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Okay, first of all a description of my problem. I have a sample program, only one file. The only included headers are part of the standard library. For training and testing I wrote my own malloc wrapper which automatically writes 0 to the entire storage block. On my Netbook (Debian + Gnome Desktop, raw gcc call like this: gcc memstest.c -o memstest) it runs without problems. The check for any other data then 0 is successful, even though I removed the entire iterative check for each part of the storage due to benchmarking. When trying this on Windows with Code::Blocks as IDE and GNU gcc compiler configured, it tells me that there is data within the allocated storage (most times a value of -60). As seen, I'm mostly only using unsigned values, therefore it shouldn't be possible that this value is a failure of mine when writing it to the data block. I guess it's the memcpy functions, since it's the only routine that touches this data block. If I'm mistaken, I will change the topic title.

Here'a my sample Program:

#include <stdio.h>
#include <stdlib.h>
#include <string.h>
#include <iso646.h>
#include <time.h>

void *Smalloc_dyn( unsigned int n_bytes );

int main( void )
{
    time_t start_t, end_t;
    double difference;
    unsigned int index = 0;
    start_t = time( NULL );
    for( index = 0; index < 10000000; index++ )
    {
        char *test = Smalloc_dyn( 65536 );
        if( *test != 0 )
        {
            printf( "Found data without 0 overwriting...\n" );
            return 0;
        }
        free( test );
    }
    end_t = time( NULL );
    difference = difftime( end_t, start_t );
    printf( "Smalloc_dyn took %.1fs\n", difference );
    start_t = time( NULL );
    for( index = 0; index < 10000000; index++ )
    {
        char *test = calloc( ( 65535 / sizeof( (long) 0 ) ), ( 65536 / ( 65535 / sizeof( (long) 0 ) ) ) );
        if( *test != 0 )
        {
            printf( "Found data without 0 overwrting...(2)\n" );
            return 0;
        }
        free( test );
    }
    end_t = time( NULL );
    difference = difftime( end_t, start_t );
    printf( "calloc took %.1fs\n", difference );
    return 0;
}

void *Smalloc_dyn( unsigned int n_bytes )
{
    /*
    This fusion of malloc and a modified memset
    is way faster than calling malloc() and
    after that memset( *dst, 0, len(dst) ).
    We are defining 0 as a long and will
    therefore copy ( for example ) 8 Bytes
    instead of a per-byte copying.
    With a memory need of 1024, we only
    have 128 steps instead of 1024.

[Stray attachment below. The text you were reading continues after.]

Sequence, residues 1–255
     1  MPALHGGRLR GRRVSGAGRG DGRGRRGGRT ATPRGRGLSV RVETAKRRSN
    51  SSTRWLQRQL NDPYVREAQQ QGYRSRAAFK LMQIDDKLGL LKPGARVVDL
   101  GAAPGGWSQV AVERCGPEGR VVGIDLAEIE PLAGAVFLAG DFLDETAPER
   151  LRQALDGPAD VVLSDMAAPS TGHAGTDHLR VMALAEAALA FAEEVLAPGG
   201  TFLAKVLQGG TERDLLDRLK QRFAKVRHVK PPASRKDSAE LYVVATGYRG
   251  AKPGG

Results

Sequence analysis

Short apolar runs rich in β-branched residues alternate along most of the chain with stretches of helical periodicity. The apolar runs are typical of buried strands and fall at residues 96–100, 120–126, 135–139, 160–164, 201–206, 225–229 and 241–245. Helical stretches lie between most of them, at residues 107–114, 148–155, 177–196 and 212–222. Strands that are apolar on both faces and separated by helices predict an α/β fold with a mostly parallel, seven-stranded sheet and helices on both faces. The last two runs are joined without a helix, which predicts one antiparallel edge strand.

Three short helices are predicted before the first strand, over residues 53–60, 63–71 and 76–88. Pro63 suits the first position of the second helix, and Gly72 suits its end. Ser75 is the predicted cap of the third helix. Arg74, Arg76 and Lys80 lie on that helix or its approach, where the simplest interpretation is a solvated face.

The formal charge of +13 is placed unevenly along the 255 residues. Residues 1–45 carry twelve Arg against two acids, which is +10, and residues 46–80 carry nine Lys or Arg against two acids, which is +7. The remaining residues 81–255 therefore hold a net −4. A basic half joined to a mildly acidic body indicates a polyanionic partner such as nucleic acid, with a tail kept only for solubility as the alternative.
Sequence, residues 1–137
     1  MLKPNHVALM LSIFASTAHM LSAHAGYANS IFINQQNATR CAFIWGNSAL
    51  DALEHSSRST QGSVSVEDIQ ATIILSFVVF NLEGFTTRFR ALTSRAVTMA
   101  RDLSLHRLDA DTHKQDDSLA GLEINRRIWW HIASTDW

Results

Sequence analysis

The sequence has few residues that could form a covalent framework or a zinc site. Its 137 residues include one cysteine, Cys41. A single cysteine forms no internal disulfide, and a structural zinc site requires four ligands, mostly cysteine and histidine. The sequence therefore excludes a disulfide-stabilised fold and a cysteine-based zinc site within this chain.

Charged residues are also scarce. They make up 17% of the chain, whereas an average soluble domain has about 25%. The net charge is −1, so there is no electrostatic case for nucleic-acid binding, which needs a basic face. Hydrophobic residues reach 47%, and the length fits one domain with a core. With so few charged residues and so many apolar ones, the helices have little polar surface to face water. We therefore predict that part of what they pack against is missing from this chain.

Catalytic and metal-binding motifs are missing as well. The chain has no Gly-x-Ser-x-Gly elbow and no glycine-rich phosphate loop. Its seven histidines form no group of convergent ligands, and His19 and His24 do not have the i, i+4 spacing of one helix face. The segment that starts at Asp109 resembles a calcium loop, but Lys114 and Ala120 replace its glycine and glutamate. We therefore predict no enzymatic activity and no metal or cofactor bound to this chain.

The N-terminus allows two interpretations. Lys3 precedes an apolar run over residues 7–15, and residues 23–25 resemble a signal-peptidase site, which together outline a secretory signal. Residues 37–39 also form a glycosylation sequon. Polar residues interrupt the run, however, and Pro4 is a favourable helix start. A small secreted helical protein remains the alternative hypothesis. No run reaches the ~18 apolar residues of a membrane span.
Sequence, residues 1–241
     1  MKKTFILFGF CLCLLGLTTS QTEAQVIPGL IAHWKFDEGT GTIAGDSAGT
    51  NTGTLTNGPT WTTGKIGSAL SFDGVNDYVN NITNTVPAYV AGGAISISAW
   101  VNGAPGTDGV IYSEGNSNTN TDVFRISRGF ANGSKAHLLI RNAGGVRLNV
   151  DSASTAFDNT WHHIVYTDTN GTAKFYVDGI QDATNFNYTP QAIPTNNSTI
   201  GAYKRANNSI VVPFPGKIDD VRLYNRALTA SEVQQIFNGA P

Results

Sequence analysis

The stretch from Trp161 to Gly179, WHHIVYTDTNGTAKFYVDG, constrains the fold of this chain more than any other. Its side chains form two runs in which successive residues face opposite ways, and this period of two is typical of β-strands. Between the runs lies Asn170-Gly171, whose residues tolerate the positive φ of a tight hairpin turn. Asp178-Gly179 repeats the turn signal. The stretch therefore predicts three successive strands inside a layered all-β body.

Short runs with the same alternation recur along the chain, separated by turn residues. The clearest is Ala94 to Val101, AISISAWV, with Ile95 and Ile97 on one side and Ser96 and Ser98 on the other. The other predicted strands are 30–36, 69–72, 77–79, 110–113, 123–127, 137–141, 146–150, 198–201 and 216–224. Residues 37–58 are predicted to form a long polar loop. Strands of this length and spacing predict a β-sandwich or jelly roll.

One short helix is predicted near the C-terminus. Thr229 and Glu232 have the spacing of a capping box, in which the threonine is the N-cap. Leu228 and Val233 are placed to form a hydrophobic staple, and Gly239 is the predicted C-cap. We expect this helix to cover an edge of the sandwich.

*/
    if( 0 == n_bytes )
    {
        return NULL;
    }
    long unsigned int chr = 0;
    unsigned int steps = sizeof( chr ) / n_bytes;
    unsigned int asteps = n_bytes % sizeof( chr );
    unsigned int index = 0;
    char *mem_ptr = malloc( n_bytes );
    if( NULL == mem_ptr )
    {
        return mem_ptr;
    }
    char *write_ptr = mem_ptr;
    for( index = 0; index < steps; index++ )
    {
        memcpy( write_ptr, &chr, sizeof( chr ) );
        write_ptr = write_ptr + sizeof( chr );
    }
    for( index = 0; index < asteps; index++ )
    {
        memcpy( write_ptr, &chr, 1 );
        write_ptr = write_ptr + 1;
    }
    return mem_ptr;
}

Edit: Corrected Code

share|improve this question
    
So you realize sizeof(chr)/n_bytes is going to be zero, right? Integer 4/65536 is 0. Also asteps is 0 as well, as 65536 % 4 is 0. So you're never calling memset at all. Perhaps that's why it's "way faster" :) –  Ernest Friedman-Hill Dec 7 '13 at 2:26
    
Thats again one of that examples of 'Can't see the forest due to to much trees'. I was looking for an value error of some sort. Okay, again a nice lesson to reread own code more then just 2 times :) –  fairiestoy Dec 7 '13 at 2:35

1 Answer 1

up vote 2 down vote accepted

Why is the value of steps evaluated as

unsigned int steps = sizeof( chr ) / n_bytes;

and not as

unsigned int steps = n_bytes / sizeof( chr );

?

This looks like a potential source for the problem, since most of the allocated block will be left uninitialized due to this error. In "most" cases steps will end up being zero (like in your test case with nbytes being 65536). Unintialized data can easily "behave" differently between platforms.

share|improve this answer
    
In this test program, both steps and asteps are 0, so memset isn't called even once. –  Ernest Friedman-Hill Dec 7 '13 at 2:27
    
Oh my ... Okay thanks guys. So just a type of mine. I will delete this topic after a while to keep this clean. Thanks a lot. –  fairiestoy Dec 7 '13 at 2:30
1  
@fairiestoy: Deleting the question takes away the points awarded to AndreyT for the upvote and accept. Just leave the question as it is; if others decide it's not useful, they might vote to close and/or delete it. –  Keith Thompson Dec 7 '13 at 2:39

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